sapientem, qui hanc viam docuit. ait enim Promethea Herculi ita
locutum esse: Vilissimus est labor tuus, quod res humanae tibi sunt
330 Antisthenes of Athens: Texts, Translations, and Commentary

curae, sed tamen curam eius, quod iis maioris momenti est, deseruisti.
perfectus enim vir non eris, priusquam ea, quae hominibus sublimiora
sunt, didiceris. si ista disces, tunc humana quoque disces; sin autem
humana tantum didiceris, tu tamquam animal brutum errabis. qui
enim rebus humanis studet et mentis suae prudentiam calliditatemque
suam rebus tam vilibus et angustis includit, is, ut Antisthenes dixit, non
sapiens est, sed animali similis, cui sterquilinium gratum est. sublimes
vero sunt omnes res caelestes, et nos oportet sententiam de eis habere
But if you want to really understand that virtue is something sublime,
I call as witnesses neither Plato nor Aristotle, but the wise Antisthenes,
who taught this path. For he said that Prometheus spoke thus to
Hercules: Your labor is entirely base, because you attend to human
affairs. But you have abandoned the cultivation of what is more
important than these. For you will not be a perfect man until you have
learned the things that are more exalted than humans. If you learn
these, then you will also learn human matters. But if you will learn only
human matters, you will wander like a brutish animal. The one who
has his zeal for human affairs, then, and shuts up the intelligence and
cleverness of his mind in things so low and narrow, he, as Antisthenes
said, is not wise, but like an animal, to whom the manure heap is a
welcome thing. But exalted are all heavenly things, and we should have
an exalted way of thinking about them.
Context of Preservation
Themistius oration On Virtue is preserved through a ninth-century Syriac
translation, rendered in German by Gildemeister and Bcheler (Rheinisches
Museum 27 [1872] 43962) and in Latin by Mach (1974). The manuscript in
which the oration survives is the same that preserves ps.-Plutarch, On Exercise
(t. 113B).
Importance of the Testimonium
This is the clearest surviving evidence for Antisthenes conception of a
transcendent object of knowledge. Some critics attribute the lesson Hercules
receives to the late antique world of Themistius, not Antisthenes. But various
parallels in Antisthenes and Plato show that it is not anachronistic for
nec Platonem neque Aristotelem testes invoco: Plato and Aristotle are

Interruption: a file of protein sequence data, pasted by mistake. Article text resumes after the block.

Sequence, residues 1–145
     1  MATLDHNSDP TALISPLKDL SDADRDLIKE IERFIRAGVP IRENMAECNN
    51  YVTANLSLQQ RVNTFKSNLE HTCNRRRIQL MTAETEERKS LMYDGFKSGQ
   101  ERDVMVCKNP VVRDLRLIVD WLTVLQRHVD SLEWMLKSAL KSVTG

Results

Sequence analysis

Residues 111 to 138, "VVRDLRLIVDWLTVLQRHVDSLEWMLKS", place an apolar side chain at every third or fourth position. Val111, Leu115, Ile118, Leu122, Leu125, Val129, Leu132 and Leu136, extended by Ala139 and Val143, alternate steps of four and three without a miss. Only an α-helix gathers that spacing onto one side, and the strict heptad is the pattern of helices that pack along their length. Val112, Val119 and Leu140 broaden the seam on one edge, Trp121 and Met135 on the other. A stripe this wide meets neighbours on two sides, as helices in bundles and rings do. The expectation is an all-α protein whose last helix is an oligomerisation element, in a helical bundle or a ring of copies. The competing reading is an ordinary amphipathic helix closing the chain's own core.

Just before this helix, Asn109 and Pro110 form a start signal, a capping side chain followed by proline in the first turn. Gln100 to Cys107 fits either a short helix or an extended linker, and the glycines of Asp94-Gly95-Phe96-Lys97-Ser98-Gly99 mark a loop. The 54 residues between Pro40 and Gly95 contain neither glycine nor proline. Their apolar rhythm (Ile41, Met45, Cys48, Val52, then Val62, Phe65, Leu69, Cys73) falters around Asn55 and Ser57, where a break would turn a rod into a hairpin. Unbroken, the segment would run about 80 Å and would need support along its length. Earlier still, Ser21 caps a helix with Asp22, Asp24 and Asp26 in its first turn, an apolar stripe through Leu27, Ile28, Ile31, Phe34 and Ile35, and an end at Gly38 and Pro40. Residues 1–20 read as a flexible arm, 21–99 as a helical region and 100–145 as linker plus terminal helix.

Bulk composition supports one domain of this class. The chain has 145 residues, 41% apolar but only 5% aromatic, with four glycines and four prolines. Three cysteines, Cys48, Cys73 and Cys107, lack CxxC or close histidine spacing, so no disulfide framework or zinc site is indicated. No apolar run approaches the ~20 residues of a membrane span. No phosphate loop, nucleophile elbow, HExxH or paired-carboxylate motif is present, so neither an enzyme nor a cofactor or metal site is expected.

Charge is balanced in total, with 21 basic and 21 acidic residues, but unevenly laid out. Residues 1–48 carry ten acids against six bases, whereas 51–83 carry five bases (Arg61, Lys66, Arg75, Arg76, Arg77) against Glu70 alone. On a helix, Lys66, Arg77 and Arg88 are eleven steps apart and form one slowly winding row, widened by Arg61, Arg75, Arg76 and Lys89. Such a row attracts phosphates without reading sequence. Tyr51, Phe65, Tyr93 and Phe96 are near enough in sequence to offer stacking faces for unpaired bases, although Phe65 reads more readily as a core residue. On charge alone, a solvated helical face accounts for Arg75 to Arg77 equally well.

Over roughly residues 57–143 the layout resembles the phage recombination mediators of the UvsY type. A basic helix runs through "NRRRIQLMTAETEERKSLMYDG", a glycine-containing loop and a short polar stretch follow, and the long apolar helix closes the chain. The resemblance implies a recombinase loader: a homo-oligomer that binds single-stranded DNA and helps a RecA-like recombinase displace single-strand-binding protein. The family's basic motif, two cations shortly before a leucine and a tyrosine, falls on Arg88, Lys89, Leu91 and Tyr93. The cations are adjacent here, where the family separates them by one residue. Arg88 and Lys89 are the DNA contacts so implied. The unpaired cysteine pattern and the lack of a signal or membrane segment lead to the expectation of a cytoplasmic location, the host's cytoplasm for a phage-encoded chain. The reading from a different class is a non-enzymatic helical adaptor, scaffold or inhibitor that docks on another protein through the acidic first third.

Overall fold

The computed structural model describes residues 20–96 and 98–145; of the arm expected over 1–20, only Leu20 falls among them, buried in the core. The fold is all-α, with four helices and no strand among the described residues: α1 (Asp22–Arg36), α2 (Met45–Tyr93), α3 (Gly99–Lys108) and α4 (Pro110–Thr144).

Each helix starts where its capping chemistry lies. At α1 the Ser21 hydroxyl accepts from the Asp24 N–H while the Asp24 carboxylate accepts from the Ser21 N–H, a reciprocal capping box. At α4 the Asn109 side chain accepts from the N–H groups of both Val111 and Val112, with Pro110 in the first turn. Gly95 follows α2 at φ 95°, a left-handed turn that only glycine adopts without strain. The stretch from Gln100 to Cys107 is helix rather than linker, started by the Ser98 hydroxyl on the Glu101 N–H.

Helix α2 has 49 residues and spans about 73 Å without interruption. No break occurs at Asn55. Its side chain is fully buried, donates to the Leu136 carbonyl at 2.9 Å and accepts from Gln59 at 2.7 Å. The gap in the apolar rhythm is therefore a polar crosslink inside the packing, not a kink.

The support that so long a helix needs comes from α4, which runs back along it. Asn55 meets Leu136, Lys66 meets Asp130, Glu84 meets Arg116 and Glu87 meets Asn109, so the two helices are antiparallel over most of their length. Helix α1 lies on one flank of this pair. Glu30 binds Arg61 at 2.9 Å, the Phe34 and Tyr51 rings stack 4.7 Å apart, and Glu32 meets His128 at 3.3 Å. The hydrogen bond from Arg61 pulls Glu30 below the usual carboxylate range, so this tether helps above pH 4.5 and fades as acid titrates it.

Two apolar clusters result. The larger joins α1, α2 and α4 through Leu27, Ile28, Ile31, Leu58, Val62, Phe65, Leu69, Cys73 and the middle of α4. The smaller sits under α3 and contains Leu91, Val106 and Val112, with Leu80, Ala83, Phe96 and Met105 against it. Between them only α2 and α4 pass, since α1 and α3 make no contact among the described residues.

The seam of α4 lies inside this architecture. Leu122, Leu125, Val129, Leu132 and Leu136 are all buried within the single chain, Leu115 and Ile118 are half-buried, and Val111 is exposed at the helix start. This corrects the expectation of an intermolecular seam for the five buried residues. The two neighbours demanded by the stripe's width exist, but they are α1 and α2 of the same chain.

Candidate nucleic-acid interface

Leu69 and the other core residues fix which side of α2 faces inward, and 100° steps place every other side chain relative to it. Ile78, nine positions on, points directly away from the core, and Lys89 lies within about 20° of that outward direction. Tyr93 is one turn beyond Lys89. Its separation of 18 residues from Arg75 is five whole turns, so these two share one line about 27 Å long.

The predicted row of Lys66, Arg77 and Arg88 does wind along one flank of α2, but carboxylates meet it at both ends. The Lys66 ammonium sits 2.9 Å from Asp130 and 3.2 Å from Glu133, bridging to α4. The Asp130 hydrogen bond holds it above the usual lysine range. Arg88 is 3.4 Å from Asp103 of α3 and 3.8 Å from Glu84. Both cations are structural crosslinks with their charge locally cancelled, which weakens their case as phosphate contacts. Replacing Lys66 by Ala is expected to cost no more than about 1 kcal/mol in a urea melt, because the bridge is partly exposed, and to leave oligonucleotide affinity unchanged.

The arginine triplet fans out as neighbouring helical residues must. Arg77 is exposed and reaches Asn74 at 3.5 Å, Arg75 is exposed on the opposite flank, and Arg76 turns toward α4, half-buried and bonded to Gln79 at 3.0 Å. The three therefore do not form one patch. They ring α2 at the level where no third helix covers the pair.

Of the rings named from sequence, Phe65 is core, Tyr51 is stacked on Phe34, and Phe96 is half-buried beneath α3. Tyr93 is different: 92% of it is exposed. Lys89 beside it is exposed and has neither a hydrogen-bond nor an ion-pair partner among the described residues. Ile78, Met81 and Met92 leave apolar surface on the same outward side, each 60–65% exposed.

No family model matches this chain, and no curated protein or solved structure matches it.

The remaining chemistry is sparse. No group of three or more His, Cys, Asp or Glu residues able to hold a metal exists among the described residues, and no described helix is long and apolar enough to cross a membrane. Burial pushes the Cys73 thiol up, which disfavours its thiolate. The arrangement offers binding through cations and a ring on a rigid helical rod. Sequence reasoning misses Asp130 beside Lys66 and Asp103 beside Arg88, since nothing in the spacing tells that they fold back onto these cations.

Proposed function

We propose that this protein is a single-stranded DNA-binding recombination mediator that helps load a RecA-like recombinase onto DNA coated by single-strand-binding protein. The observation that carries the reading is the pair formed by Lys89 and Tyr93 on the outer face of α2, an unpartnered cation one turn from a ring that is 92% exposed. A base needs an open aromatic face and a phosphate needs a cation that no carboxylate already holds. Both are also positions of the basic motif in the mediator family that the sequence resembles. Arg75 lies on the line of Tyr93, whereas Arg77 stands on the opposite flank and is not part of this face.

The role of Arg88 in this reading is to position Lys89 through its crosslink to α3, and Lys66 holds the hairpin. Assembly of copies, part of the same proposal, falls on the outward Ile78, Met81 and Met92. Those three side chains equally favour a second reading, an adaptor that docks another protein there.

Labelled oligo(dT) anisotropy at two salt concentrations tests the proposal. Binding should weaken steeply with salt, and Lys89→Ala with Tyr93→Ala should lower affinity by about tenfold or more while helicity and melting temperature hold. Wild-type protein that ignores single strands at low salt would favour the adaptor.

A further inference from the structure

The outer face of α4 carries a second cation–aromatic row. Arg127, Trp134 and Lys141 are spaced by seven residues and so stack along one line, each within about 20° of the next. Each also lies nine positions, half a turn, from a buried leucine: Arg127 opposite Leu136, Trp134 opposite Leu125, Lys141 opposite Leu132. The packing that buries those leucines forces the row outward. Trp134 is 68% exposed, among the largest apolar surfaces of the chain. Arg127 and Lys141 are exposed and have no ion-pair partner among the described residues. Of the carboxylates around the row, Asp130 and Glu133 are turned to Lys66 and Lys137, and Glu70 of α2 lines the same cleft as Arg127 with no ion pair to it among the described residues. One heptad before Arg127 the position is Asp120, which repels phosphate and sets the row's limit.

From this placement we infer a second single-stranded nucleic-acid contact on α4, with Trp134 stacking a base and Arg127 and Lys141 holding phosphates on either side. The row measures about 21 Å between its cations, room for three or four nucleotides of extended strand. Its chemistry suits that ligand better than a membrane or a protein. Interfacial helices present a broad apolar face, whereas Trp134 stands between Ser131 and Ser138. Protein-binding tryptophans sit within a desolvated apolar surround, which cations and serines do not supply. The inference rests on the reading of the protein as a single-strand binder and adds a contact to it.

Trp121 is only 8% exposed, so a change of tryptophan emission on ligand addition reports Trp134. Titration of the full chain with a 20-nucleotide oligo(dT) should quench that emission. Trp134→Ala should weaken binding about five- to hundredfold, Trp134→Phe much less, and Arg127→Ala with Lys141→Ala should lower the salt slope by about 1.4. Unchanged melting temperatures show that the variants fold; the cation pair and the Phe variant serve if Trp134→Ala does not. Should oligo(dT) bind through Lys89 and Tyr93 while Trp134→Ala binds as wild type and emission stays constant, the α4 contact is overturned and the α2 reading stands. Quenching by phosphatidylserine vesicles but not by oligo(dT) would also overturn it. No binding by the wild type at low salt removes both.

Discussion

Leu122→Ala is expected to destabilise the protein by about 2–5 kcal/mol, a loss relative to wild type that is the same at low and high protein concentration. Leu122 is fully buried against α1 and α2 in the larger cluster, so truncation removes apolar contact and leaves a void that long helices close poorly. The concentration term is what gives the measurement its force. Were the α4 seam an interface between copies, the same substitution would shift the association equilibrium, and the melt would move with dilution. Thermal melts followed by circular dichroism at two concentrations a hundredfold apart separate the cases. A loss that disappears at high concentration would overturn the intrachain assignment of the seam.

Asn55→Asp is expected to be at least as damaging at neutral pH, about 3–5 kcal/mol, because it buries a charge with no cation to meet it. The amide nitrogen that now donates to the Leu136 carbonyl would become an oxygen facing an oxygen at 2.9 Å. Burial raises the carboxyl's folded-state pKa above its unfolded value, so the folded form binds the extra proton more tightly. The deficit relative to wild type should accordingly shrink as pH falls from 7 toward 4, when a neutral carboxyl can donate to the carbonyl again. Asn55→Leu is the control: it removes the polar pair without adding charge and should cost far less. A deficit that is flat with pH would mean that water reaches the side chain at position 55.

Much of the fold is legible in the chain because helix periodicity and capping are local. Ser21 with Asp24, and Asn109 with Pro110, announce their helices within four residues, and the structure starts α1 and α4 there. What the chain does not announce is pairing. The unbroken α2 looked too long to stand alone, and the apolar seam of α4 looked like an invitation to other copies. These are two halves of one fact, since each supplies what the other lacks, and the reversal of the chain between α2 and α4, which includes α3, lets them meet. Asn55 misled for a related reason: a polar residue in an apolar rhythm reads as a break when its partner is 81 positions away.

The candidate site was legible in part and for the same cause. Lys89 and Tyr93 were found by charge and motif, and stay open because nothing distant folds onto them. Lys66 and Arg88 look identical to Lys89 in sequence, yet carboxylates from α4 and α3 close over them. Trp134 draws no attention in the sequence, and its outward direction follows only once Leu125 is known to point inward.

introduced as the main authorities in wisdom from the opening of the text
Cyrus, Heracles, and Ethics (t. 8499)331

(p. 17). Antisthenes is named as an early traveler on the best road to wisdom,
discovered by Socrates (p. 21), but Antisthenes reappears only here.
vilissimus est labor tuus: The idea that labor () can be too lowly to be
useful is not otherwise attested for Antisthenes. Isocrates (Helen 24) attacks
an unnamed advocate of Heracles heroism because Heracles (and
) is vain, yielding no public benefits.
perfectus enim vir non eris, priusquam ea, quae hominibus sublimiora sunt,
didiceris: The perfectus vir must be the Heracles aims to become.
Prometheus recommends knowledge of heavenly things as a kind of device,
not to make the human being heavenly or godlike, but so the human
being can become fully human, possibly by having a kind of superhuman
perspective over himself. (For a similar assessment of Socrates self-sufficiency
according to Xenophon, see OConnor 1994: esp. 17071.) The one who learns
only human things, by contrast, remains animal-like. Compare also Socrates
statement in Pl. Phaedr. 274a15, where he commends the long road
of education in true rhetoric over the shortcut promoted by, for example,
Tisias and the probability theorists. Socrates claims that the right goal is to
become able to argue in a way that gratifies the gods, not the fellow slaves
()that is, human beingsand that humanly pleasing rhetoric
will follow from divinely pleasing rhetoric. (For Antisthenes pronouncement
on divine philosophy versus human rhetoric, see t. 173.)
animali similis, cui sterquilinium gratum est: For Antisthenes apparent use of
animals as images of the pre-philosophical human, compare t. 54.14, 62, 63,
41A titles in tomos 2. See also Luz 1996:97 for possible precedent in Heraclitus
for humans who enjoy dung, as well as other parallels, including Diogenes of
Sinope (Diog. Laert. 6.39).

97. = t. 85

98. Diogenes Laertius, Lives of the Eminent Philosophers 6.104 (Marcovich)

= 22 DC
, .
And they [the Cynics] hold that the goal is to live according to virtue,
as Antisthenes says in the Heracles, in similar manner to the Stoics.
Context of Preservation
This is from Diogenes summary of the Cynic philosophy, excerpted from the
passage in t. 135A.104. Diogenes has a Stoic source.
332 Antisthenes of Athens: Texts, Translations, and Commentary

Importance of the Testimonium

This statement of the Cynic is at odds with Clement and Theodorets
account in t. 111. See Goulet-Caz 1986:2842; Goulet-Caz 1993b.
: This goal is phrased at the most general level of the options
in Hellenistic philosophy, virtue versus pleasure. Both are supposed to
be paths to happiness. (See t. 136AB.) The Stoic goal is expressed more
particularly as , the life according to nature (Diog. Laert.

99. Diogenes Laertius, Lives of the Eminent Philosophers 6.105 (Marcovich)

= 23 DC
And they [the Cynics] hold also that virtue is teachable, according to
what Antisthenes says in the Heracles, and that it persists inalienably.
[They hold] that the wise man is worthy of love and without error and